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  22. Robert H. Kane (ed.) (2001). Free Will. Blackwell.
    Over the past three decades, I have been developing a distinctive view of free will motivated by a desire to reconcile a non-determinist view of free will with modern science as well as with recent developments in philosophy. A view of free will of the kind I defend did not exist in a developed form before the 1980s, but is now discussed in the philosophical literature as one of three chief options an incompatibilist or libertarian view of free will might (...)
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  23. Graham Cairns-Smith, Thomas W. Clark, Ravi Gomatam, Robert H. Kane, Nicholas Maxwell, J. J. C. Smart, Sean A. Spence & Henry P. Stapp (2005). Commentaries on David Hodgson's "a Plain Person's Free Will". Journal of Consciousness Studies 12 (1):20-75.
    REMARKS ON EVOLUTION AND TIME-SCALES, Graham Cairns-Smith; HODGSON'S BLACK BOX, Thomas Clark; DO HODGSON'S PROPOSITIONS UNIQUELY CHARACTERIZE FREE WILL?, Ravi Gomatam; WHAT SHOULD WE RETAIN FROM A PLAIN PERSON'S CONCEPT OF FREE WILL?, Gilberto Gomes; ISOLATING DISPARATE CHALLENGES TO HODGSON'S ACCOUNT OF FREE WILL, Liberty Jaswal; FREE AGENCY AND LAWS OF NATURE, Robert Kane; SCIENCE VERSUS REALIZATION OF VALUE, NOT DETERMINISM VERSUS CHOICE, Nicholas Maxwell; COMMENTS ON HODGSON, J.J.C. Smart; THE VIEW FROM WITHIN, Sean Spence; COMMENTARY ON HODGSON, Henry (...)
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  24.  53
    Paul Gregory (2008). Quine's Naturalism: Language, Theory, and the Knowing Subject. Continuum.
    W. V. Quine was the most important naturalistic philosopher of the twentieth century and a major impetus for the recent resurgence of the view that empirical science is our best avenue to knowledge. His views, however, have not been well understood. Critics charge that Quine’s naturalized epistemology is circular and that it cannot be normative. Yet, such criticisms stem from a cluster of fundamental traditional assumptions regarding language, theory, and the knowing subject – the very presuppositions that Quine is at (...)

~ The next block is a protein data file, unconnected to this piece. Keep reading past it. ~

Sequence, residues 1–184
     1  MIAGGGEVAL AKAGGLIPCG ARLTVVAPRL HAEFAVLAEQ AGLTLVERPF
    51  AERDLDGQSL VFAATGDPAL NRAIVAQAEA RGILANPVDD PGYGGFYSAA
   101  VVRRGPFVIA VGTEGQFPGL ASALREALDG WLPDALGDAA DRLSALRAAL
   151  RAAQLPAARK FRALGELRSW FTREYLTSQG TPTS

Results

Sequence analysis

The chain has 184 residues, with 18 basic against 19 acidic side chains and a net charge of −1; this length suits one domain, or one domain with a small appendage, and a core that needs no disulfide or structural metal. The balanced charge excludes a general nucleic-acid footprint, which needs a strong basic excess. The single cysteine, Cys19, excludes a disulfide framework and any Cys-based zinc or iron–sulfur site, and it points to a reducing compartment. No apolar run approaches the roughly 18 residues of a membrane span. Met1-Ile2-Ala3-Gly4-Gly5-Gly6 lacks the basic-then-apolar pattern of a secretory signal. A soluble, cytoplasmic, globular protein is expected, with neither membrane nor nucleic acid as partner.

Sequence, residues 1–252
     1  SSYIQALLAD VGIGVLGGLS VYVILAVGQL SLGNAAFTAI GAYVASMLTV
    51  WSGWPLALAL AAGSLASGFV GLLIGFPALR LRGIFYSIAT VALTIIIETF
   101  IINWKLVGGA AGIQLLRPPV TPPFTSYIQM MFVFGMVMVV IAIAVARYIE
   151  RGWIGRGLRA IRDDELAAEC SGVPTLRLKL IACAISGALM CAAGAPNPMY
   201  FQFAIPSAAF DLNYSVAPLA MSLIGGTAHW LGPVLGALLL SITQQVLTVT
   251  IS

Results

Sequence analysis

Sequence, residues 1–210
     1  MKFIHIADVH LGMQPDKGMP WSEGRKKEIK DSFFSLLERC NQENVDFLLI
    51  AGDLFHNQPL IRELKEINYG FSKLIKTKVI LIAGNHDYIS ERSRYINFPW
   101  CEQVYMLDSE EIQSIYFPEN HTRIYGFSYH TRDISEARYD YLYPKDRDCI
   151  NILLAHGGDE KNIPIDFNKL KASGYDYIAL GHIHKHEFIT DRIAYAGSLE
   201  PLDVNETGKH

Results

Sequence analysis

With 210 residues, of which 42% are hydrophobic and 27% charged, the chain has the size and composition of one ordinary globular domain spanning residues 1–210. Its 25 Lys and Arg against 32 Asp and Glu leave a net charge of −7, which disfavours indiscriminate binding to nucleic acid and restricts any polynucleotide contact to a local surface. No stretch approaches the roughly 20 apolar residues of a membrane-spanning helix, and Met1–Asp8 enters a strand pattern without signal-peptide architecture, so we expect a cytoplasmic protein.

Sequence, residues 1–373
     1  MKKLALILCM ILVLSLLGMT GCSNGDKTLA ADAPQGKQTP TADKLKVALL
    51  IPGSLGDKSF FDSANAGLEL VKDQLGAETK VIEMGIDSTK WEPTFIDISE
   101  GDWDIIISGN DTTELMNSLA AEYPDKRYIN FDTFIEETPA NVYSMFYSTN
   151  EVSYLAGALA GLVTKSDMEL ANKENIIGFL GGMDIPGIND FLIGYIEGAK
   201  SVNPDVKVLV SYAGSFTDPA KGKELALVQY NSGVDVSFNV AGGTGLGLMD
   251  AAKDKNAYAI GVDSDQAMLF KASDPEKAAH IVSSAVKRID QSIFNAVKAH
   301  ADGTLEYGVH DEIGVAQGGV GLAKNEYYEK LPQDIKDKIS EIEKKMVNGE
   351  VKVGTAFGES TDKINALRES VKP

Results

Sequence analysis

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  25.  11
    Robert Kane (2015). On the Role of Indeterminism in Libertarian Free Will. Philosophical Explorations 19 (1):2-16.
    In a recent paper in this journal, “How should libertarians conceive of the location and role of indeterminism?” Christopher Evan Franklin critically examines my libertarian view of free will and attempts to improve upon it. He says that while Kane's influential [view] offers many important advances in the development of a defensible libertarian theory of free will and moral responsibility … [he made] “two crucial mistakes in formulating libertarianism” – one about the location of indeterminism, the other about its (...)
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  26.  18
    Robert Kane (1994). Through the Moral Maze: Searching for Absolute Values in a Pluralistic World. North Castle Books.
    "On the ... issue of our pluralistic age -- whether we can continue to believe in absolute value -- Robert Kane has written the most helpful discussion I know.
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  27.  8
    Robert Kane (2007). Free Will: New Directions for an Ancient Problem: A Reply to Allen and Rogers. Proceedings of the American Catholic Philosophical Association 81:291-302.
    Over the past three decades, I have been developing a distinctive view of free will motivated by a desire to reconcile a non-determinist view of free will with modern science as well as with recent developments in philosophy. A view of free will of the kind I defend did not exist in a developed form before the 1980s, but is now discussed in the philosophical literature as one of three chief options an incompatibilist or libertarian view of free will might (...)
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  28. John Gregory (1999). The Neoplatonists: A Reader. Routledge.
    The Neoplatonist philosophers who flourished between the third and sixth centuries AD had a profound influence on western philosophy, on both Christian and Islamic literature and the visual arts from the Renaissance to modern times. This extensively revised and updated second edition of Neoplatonists provides a valuable introduction to the thought of four central Neoplatonic philosophers, Plotinus, Porphyry, Proclus and Iamblichus. John Gregory presents new translations of a selection of key passages from Neoplatonist writings, an introduction that puts in (...)